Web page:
But I carried on going to church and trying to be good enough. When I found myself unmarried pregnant and homeless to my surprise I was supported by Christian folk who accepted and loved me for who I was, people who helped Tim and I to find a home, people who, prayed for us, people who counselled us, people who bought us food when we ran out of money. People who didn’t ram religion down our throats but talked to us about a loving God as if they knew him…
When our third child Chris was born it turned out that he had a serious congenital heart defect. It was at this point that I ran out of “being good masks”, I quite simply didn’t have the energy to be good. I began to pray, although my prayers were little more than a cry for help…
God answered those cries for help, in the midst of muddle and mess I sensed a deep peace, and the words of the prayers and hymns I’d said and sung week by week became real somehow…
I joined a Bible study group at the Congregational Church and started to grow in faith...
I couldn’t understand how the church had kept this wonderful God a secret. The message of the cross, of a self giving, loving God broke down my trying to be good enough exterior and woke me up to the possibility of a new way of living.
With our family Tim and I moved to Texas, where we lived for 3 years, we tried out a number of church flavours… ending up as Episcopalians…
A move home brought redundancy for Tim and illness for me, alongside this we began a course of study with an Evangelistic Organisation, and much to my surprise I really enjoyed the academic challenge…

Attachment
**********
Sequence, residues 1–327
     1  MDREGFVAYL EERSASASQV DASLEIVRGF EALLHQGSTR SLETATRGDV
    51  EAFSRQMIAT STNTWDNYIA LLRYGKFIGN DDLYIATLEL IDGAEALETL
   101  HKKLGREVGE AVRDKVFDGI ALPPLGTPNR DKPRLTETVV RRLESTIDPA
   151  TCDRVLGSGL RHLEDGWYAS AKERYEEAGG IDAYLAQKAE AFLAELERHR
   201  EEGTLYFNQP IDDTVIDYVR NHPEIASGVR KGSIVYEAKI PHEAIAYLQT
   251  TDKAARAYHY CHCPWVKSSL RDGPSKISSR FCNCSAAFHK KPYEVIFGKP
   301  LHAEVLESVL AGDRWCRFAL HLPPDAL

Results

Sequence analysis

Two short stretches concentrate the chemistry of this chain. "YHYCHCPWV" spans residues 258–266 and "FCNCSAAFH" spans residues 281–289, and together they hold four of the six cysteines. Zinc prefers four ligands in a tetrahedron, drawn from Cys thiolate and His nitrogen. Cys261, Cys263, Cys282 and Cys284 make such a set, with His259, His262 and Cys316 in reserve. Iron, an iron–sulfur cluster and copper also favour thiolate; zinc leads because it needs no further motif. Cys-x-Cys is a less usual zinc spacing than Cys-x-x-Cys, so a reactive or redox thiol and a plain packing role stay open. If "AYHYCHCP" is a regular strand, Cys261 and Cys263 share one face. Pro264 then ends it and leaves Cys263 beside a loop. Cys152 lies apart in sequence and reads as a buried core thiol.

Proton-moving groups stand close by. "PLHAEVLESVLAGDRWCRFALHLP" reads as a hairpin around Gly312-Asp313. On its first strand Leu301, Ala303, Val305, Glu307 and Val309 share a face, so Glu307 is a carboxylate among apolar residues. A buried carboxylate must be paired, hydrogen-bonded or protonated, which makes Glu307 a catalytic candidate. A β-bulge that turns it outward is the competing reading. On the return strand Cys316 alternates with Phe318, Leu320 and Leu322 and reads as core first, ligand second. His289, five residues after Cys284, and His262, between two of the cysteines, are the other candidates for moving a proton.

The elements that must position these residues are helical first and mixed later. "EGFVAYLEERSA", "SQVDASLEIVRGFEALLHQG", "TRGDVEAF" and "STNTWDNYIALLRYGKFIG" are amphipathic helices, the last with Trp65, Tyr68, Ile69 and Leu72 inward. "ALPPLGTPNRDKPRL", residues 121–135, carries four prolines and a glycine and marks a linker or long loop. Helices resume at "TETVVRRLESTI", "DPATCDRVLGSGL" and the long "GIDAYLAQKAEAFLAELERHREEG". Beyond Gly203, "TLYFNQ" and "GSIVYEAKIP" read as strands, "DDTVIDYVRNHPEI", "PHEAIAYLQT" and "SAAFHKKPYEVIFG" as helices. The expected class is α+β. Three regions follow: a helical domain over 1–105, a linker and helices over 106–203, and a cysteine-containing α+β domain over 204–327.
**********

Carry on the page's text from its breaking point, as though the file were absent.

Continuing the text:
With Tim out of work our finances were tight, and it seemed that the expected avenues of job searching were closing for both of us. We were encouraged by friends to use the theological training we had had and to apply for work with the Church.
We applied for a number of positions including one for a Community Worker with the Downham Market Methodist Circuit in Norfolk, and to our surprise we were offered it and took it as a job share.
This was my first real introduction to Methodism and two years later during a leadership seminar at Spring Harvest I wrestled with the decision to begin the Candidating process or to leave the church, it was as stark as that! Part of the struggle was to begin to accept that my jar of clay self could be called to ordained ministry!
Through foundation training a call to word and sacrament, to presbyteral ministry became clear. I grew to love the church in all of its complex fragility and training with an ecumenical course was probably the best way for me to discover why Methodism with its doctrine of Prevenient Grace was so close to my heart…
I was learning to know the God goes before and behind us, loving us into life in a deeper way and more amazingly that God was calling me to love others into life as I followed his call.
I have been stretched by and mostly enjoyed my time as a Probationer with Snaith and Selby, and now the Goole Circuits, and am grateful to Linda, Geoff, Colin all of the CLT, and so many other folk who have not only encouraged and helped me but also challenged me.
I’d like to share one last picture with you, some of you might find it shocking, but it speaks to me of grace, of the kiss of God for our brokenness, and of the kiss he asks us to share with a hurting, broken world. A world that needs God’s love, God’s justice and God’s mercy, a world we are called to love…
I’ll finish with a poem/prayer…
Your gift to us
is a call,
our gifts and talents,
weaknesses and flaws,
into your hands
that you might
work in us
joy and sadness,
laughter and tears,
and we cannot refuse it
we are compelled
to receive it,
to share it....
For this gift
is not given
to be admired,
but to be used,
it is not a shiny
but a gift of life and service
whole and holy,
and only with you
Help us to receive your gift,
to follow you.